YOU’RE NO CHAO CHOU

Walking dogs again!

This afternoon, around 2:25, I went out to the back. The yard was no longer sunlit, but blue. Who’d have thought that we, who’ve had almost nothing but clouds for a long time, would enjoy clear skies to see the eclipse?

Even without glasses, peering through folded fingers, I could see the shadow overtake most of the sun. The shadowy lines on the ground changed, getting sharper than ever. Henry played with his ball, while Aussie, at my feet, didn’t seem discomfited in the least even as the sun narrowed into a thin crescent, just like the moon when it waxes and wanes.

“Did I hear right? Are you planning to stop teaching in your zendo?”

“Now, Aussie, relax. It’ll happen only as of July.”

“You mean, you’ll be here all the time?”

“I guess so. Right now, I don’t plan to go into the zendo or participate in Zoom gatherings for at least 6 months. After that, I may do something, I may not, we’ll see, but I’m certainly not going to teach actively.”

“Why?”

“Because it’s time to make room for newer, younger voices.”

“Like mine?”

“You see, Auss, we have some terrific new teachers, but given how long I’ve been there, I still get more attention and listening than they do.”

“I don’t believe it. Everybody knows that nobody pays attention to old people.”

“That may not be true in meditation halls. Would you like to come in one day and see?”

“Not in my wildest dreams.”

“You know, Aussie, sometimes, not showing up is the best way of showing up, of supporting new generations of teachers and peace activists. Even if I come back, I’ll just sit in the back and listen. When 80-year-old Chao Chou started teaching, he said he wants to continue to learn from everyone, including a young child.”

“What about a smart-alecky dog?”

“There’s something else, Aussie. I want to be once again in a place where I don’t know what I’m doing.”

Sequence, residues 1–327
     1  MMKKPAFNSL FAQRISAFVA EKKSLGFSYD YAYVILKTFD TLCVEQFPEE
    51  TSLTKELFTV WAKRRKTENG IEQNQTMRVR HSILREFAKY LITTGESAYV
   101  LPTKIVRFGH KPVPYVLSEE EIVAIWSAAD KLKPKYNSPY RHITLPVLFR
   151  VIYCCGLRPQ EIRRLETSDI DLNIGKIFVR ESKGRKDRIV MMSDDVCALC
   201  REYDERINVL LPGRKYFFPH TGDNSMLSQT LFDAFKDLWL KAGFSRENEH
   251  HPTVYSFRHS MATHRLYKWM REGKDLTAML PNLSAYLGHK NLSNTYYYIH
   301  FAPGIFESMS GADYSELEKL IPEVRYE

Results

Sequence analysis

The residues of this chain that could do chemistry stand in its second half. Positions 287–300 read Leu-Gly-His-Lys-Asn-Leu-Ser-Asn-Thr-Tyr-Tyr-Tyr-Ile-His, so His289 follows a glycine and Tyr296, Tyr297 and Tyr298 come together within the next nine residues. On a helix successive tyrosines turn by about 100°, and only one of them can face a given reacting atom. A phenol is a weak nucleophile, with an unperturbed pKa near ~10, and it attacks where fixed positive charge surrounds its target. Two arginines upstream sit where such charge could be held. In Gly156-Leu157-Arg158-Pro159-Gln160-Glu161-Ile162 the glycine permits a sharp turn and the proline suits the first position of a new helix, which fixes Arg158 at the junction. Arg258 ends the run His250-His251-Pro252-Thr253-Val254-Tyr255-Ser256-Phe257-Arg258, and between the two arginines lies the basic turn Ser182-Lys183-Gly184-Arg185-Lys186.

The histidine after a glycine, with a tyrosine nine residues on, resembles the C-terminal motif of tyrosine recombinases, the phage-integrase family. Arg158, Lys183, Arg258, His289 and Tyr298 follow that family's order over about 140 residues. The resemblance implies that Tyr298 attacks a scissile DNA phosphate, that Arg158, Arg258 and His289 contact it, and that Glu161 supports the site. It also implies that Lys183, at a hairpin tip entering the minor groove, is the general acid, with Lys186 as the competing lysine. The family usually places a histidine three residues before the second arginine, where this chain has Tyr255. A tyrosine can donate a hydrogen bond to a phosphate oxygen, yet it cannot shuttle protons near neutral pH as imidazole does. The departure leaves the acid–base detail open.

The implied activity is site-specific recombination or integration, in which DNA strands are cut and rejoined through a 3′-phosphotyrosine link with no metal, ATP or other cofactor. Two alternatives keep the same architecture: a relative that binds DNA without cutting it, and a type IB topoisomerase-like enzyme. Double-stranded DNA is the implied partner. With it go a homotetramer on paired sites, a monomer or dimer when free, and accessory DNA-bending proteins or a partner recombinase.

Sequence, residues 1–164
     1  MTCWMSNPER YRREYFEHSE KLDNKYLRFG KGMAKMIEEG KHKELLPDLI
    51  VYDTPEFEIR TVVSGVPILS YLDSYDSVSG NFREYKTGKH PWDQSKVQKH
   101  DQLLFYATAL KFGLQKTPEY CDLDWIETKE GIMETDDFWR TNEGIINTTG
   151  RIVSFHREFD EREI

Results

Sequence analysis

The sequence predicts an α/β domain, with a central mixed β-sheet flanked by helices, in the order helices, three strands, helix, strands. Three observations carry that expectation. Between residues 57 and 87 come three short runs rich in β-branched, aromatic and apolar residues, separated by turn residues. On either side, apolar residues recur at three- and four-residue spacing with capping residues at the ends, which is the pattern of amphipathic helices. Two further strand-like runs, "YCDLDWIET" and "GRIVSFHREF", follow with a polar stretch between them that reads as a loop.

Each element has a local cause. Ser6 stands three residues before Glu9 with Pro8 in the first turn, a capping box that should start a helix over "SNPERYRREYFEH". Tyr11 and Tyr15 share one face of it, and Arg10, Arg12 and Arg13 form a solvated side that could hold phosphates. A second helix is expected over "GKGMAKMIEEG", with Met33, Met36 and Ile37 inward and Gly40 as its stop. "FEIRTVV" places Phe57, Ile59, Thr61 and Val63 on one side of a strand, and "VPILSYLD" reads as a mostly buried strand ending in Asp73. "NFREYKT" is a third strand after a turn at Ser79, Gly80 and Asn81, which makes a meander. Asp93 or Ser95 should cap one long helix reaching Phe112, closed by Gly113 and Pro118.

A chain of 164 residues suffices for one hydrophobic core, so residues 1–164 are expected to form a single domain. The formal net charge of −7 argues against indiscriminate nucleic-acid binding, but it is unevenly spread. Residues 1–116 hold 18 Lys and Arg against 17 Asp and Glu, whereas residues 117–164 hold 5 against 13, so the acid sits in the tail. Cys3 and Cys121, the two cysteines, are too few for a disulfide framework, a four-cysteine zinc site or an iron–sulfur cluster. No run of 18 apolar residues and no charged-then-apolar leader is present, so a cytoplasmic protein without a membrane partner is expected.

“That shouldn’t be too difficult.”

“I’m too comfortable, Aussie. I’ve grown confident, found my voice. Teaching comes easily even as I continue to sit and study. Luckily, there are always questions and situations that invigorate me to go further and deeper.”

“But I don’t want to see you that often. You may be getting your vacation, but when do I get my time off from you?”

“I want to take another step into the unknown, Aussie. I want to start talking a new language where I don’t know the words, where I have no title, where I don’t know what I’m doing.”

“Come out and play with Henry and me. We can teach you how to bark and how to catch balls with your mouth. We can even show you how to shit in the daffodils.”

“You’re shitting in the daffodils? I’m not doing that!”

“Obviously, you’re no Chao Chou.”

“He was a great master, Aussie.”

“You can’t teach an old dog new tricks. I wouldn’t even learn new tricks when I was a puppy.”

“I love what Roshi Joan Halifax likes to say, that her life is a pilgrimage towards uncertainty.”

“Some pilgrimage! Just wait till dementia hits. You’ll have all the uncertainty you want.”

“I don’t want to wait till then, Aussie, and it’s not about learning new tricks. I want to be in unfamiliar territory, not a place I’ve lived in for many years.”

“If you go to South Korea I’m not going with you. They eat dogs there!”

“I want to try new things, Aussie.”

“Good, go to a new restaurant.”

“I want to be in a place where I know or understand very little.”

“Donald Trump’s golf courses?”

“As I get older, Aussie, I see how much I value my routine. How much I value what I know.”

“Don’t worry, as long as you have me, I’ll remind you again and again of how dumb you really are.  But I don’t want to have to do that all the time; erasing your certainties is hard work. Do you know how many certainties you have?”

“I never counted, Auss.”

“132,695.”

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